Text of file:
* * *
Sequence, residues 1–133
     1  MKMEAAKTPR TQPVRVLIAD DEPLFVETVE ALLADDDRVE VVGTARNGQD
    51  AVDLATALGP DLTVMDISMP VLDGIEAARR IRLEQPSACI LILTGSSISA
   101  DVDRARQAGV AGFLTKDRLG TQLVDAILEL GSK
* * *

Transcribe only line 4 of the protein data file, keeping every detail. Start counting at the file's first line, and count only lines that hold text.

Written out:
   101  DVDRARQAGV AGFLTKDRLG TQLVDAILEL GSK